The Forties Pipeline, which carries 40 per cent of North Sea oil and gas, has partially reopened after a crack in the pipe was repaired.
A hairline crack was found during a routine inspection south of Aberdeen in early December, leading to the shutdown and a safety cordon being erected around the area.
Operators Ineos said the repair is complete and some customers are now sending oil and gas through the pipeline at reduced rates while pressure is tested.
It is expected to fully reopen in the new year.
The 235-mile Forties Pipeline System links 85 North Sea oil and gas fields to the UK mainland and the Ineos site in Grangemouth.
In 2016, the pipeline’s average daily throughput was 445,000 barrels of oil and some 3,500 tonnes of raw gas a day.
Oil and Gas UK said the loss in production during the closure was worth about £20 million per day to the industry at current oil prices.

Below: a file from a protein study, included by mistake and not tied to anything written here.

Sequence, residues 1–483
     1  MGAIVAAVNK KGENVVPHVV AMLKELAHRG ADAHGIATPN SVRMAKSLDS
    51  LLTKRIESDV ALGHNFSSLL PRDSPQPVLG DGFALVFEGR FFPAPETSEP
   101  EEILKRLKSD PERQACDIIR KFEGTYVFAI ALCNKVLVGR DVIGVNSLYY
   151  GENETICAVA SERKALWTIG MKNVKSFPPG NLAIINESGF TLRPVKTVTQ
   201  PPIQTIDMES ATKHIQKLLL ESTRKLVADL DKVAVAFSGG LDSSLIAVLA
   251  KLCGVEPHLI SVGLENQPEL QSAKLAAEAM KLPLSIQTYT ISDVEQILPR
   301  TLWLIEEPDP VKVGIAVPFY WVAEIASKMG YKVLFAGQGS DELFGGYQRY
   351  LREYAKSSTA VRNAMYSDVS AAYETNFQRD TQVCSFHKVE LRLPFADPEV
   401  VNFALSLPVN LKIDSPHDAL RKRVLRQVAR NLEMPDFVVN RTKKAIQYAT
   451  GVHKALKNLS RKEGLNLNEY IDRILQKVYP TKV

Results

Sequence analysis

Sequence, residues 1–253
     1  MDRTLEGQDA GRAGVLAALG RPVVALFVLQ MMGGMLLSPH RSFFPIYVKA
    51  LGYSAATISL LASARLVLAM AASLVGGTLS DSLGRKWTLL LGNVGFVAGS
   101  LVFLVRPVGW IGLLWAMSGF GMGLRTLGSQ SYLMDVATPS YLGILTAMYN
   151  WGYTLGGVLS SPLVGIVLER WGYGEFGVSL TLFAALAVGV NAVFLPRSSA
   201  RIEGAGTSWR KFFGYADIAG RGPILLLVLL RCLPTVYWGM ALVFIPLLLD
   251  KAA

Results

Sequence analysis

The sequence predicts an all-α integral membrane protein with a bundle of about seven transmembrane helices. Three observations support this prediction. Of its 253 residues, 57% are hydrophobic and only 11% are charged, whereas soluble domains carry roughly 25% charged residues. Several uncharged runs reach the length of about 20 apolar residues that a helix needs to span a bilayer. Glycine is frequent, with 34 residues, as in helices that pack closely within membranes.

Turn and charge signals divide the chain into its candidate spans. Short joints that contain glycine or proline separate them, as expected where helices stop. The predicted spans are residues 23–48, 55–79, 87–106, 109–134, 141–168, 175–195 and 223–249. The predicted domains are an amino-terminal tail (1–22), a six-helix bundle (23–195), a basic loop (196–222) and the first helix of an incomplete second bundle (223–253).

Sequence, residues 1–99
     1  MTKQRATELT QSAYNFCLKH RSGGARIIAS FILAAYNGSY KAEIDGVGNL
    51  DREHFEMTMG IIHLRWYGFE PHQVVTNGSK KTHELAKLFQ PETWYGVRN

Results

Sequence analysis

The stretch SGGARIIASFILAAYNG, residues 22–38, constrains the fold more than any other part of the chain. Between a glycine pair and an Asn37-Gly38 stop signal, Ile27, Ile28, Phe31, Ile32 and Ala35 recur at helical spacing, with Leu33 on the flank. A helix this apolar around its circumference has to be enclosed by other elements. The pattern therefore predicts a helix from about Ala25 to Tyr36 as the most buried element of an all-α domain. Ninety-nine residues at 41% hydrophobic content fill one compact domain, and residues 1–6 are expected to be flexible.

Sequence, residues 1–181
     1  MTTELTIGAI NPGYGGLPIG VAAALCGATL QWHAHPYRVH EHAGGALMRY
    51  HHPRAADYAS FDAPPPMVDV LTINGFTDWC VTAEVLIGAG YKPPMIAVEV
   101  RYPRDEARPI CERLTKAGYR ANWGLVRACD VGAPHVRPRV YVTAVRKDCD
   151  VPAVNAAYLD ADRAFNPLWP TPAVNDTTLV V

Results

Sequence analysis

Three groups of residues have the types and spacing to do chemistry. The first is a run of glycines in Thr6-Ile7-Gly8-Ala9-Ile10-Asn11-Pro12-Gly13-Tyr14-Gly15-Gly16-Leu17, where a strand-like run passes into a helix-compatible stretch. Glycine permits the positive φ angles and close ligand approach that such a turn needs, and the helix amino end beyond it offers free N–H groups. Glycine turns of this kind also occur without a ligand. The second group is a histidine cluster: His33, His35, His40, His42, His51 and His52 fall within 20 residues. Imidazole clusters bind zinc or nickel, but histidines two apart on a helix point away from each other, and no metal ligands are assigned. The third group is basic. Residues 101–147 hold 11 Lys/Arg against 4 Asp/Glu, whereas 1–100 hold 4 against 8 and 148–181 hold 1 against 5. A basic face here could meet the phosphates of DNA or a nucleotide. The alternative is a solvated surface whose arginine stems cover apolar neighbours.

An Ineos spokesman said: “The repair of the pipeline at Red Moss is now mechanically complete and pressure testing is well underway.
A small number of customers are now sending oil and gas through the pipeline at reduced rates as part of a coordinated plan that allows Ineos to carefully control the flow and pressure in the system.
“Ineos has partially re-started the Kinneil facility. Flows through the pipeline and Kinneil will be increased gradually as we prove the system.
“There is currently increased flaring at the site as we begin to progressively and safely bring the different streams on-line.
“Ineos will complete this work as quickly as possible but safety is the highest priority.
“Based on current estimates the company expects to bring the pipeline and Kinneil progressively back to normal rates early in the new year.
“We apologise to our customers and the local community for the issues that this creates and we are working hard to minimise the impact of the pipeline closure as far as possible.”
READ MORE: Scottish history timeline from 1054 to 2014